When I say the word “librarian,” who do you picture? Someone gray-haired and bespectacled, perhaps glaring from behind a desk, just waiting for you to dog-ear that old copy of Life magazine?
Well, sorry to have to share this, but that librarian is dead.
A lime green jacket? Not a tweed blazer? Rachel Borchardt, a
science librarian who works at American University, was probably the hundredth
librarian I’d met in a year, and even though most had surprised me with their
eclectic hobbies, fashion sense and formidable online savvy, it takes a while
to fully reboot and shake loose that first “librarian” sketch.
Thankfully, Borchardt confesses she had her own preconceptions about being a librarian. “I thought that we would just sit at the desk all day and answer questions, which I was really excited about.” She didn’t know about all the meetings, special projects and the teaching. She was definitely nervous about the teaching. But she doesn’t have any regrets. Now, when she talks about teaching information literacy, she says, “[I]t’s a chance to change students’ lives. I know that sounds hokey, but it’s true.”
It’s time to get acquainted with the new
7 Misconceptions About Librarians and One Truth
They are all quiet.
David Lee King was a DJ and an assistant recording engineer before he became a librarian. And he has yet to surrender the mike. In a Library 101 music video, King and Michael Porter, the Interactive Strategy Manager at WebJunction, an online learning network, croon, “When libraries first started out we weren’t quite the dream...” http://www.libraryman.com/library101/
More than 500 library staff members around the world
participated in the video, complete with animation, flashing stage lights and
grown men playing air guitar and real guitars, too!
They don’t care what you think.
The adage “children should be seen and not heard” has been made redundant in most libraries. The new philosophy is active listening and learning. Shannon McClintock Miller, a librarian at Van Meter High School in Iowa, recognizes that some of her students know more about computers than the teachers do. So she started a group called C.E.W.L. (Computer Efficiency Workers League), the schools’ own Geek Squad. She also routinely invites students to play teacher. One seventh-grade student was so adept at using Presi, an alternative to PowerPoint, that Miller had her present a lesson to the class.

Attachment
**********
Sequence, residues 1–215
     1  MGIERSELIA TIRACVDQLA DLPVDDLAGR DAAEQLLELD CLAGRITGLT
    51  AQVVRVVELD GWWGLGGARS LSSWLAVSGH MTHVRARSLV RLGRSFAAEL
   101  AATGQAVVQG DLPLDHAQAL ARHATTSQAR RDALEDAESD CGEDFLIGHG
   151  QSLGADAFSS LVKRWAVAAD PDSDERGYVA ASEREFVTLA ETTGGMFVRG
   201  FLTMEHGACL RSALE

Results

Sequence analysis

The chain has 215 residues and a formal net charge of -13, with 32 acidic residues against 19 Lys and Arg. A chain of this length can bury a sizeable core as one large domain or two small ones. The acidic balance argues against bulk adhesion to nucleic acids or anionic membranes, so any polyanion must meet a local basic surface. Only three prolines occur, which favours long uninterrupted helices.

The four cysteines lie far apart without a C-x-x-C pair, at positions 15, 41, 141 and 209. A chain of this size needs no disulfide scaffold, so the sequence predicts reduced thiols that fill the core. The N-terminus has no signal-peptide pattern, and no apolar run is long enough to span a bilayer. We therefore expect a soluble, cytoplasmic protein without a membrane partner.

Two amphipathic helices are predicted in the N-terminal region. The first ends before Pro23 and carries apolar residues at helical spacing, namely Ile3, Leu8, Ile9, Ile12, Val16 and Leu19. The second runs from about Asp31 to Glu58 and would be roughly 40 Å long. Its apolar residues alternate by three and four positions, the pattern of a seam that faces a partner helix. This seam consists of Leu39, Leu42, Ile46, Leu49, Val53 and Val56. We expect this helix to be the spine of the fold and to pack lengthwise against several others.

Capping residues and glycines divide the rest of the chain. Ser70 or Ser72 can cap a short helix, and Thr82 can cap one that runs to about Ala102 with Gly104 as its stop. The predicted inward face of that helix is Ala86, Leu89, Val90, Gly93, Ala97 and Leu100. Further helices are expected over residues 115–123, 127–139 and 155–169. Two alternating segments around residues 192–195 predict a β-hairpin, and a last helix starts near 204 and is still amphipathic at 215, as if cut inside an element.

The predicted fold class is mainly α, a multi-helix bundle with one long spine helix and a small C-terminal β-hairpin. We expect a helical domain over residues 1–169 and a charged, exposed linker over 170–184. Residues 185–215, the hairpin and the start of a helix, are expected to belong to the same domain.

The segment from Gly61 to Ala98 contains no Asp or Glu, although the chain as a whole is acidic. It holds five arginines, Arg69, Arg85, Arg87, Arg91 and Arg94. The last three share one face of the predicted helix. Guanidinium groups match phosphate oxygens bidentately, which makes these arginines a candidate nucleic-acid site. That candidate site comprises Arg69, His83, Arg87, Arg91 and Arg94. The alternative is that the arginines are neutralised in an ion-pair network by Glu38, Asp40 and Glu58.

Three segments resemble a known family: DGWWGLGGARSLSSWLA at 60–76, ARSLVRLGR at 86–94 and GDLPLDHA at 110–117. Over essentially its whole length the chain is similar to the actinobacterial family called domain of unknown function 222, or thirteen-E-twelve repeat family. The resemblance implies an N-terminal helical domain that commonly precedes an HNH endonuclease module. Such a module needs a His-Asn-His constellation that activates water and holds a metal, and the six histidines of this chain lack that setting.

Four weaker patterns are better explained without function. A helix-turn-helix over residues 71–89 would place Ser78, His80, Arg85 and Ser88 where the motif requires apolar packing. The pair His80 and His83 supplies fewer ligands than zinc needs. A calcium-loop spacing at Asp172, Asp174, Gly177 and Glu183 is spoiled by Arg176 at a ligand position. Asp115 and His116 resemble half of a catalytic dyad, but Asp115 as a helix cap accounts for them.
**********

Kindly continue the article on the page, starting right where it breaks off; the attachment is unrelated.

They are arrogant.
a librarian at San Jose Public Library in California, says when she’s giving
someone instructions, she talks to that person as though the person was her
mother. “[T]hat causes me to show a certain level of respect and patience and
really explain things at a lay level that might not otherwise be a natural
impulse for me.” She says it’s an effective strategy, “[but] only if you like
They read every book.
Rachel Borchardt explained that
there are many different kinds of librarians and they have different
responsibilities. She’s an academic librarian, not a public librarian. “If
someone says to me, ‘I just finished reading Harry Potter and I really liked
it. What can you recommend?’ I’d say, ‘That’s cool! Glad you liked it. But I
have no idea what you should read next.’” But if she were asked where to find
resources about, for example, “the role of amygdala in emotional processing in
autism,” Borchardt would be that person’s new best friend.
They all earned their master’s degrees in library science.
Helene Blowers, the digital strategies director at Columbus Metropolitan Library in Ohio, says, “By some people’s definition I may not be a librarian because I do not have formalized training. But I have worked in libraries for 17 years.” Blowers not only taught herself, but she developed an instructional program called 23 Things, also called Learning 2.0, to help other librarians explore new technologies on their own time.
They don’t want you to have fun.
When the public library near his home in Indiana blocked access to Facebook and MySpace, Michael Stephens, an assistant professor of library and information science at Dominican University in River Forest, Ill., was upset. “There are probably young people in this town that don’t have a computer at home, or Wi-Fi or an iPhone. They hear about Facebook, but they don’t have any experience. To me, the library is a perfect place to help break down those barriers.”
Stephens, along with many of the other librarians I spoke with, are serious about librarians “letting go of control.”
They were destined to be librarians (all the stars aligned).
took a personality test to help her determine what career she’d be best suited
to. Her results suggested she become a “professional philosopher.” She laughed.
“I have no idea what that means,” she said. “[A]ll the qualities that it said
that I had that would have made me a poor fit as a librarian were because they
were assuming that the person needs to be really rigid and rule-following and
not necessarily friendly. But the things that make me good at my job are actually
the very things that that test thought would make me bad.”
Librarians are your friends.
“Librarians are guides, not gatekeepers,” Stephens says. They want you to have fun learning, and there are a lot of different ways to learn.
“We exist to help you,” Borchardt says.
Librarians are passionate about service. And school librarians, in particular, have a stake in their students’ futures.
Joyce Valenza, a librarian at Springfield Township High School Library in Erdenheim, Pa., penned her own Manifesto for 21st Century School Librarians. “My guess is that when they [students] land in academic or business environments, they’re going to have fewer bubble tests. Instead, they’ll be asked to develop a meaningful thesis or argument, defend a point of view, invent, create or present something compelling,” she says.
Today’s librarian exists to help all of us grow as critical
thinkers, as researchers and as creators. This I know to be true: Librarians
are our friends.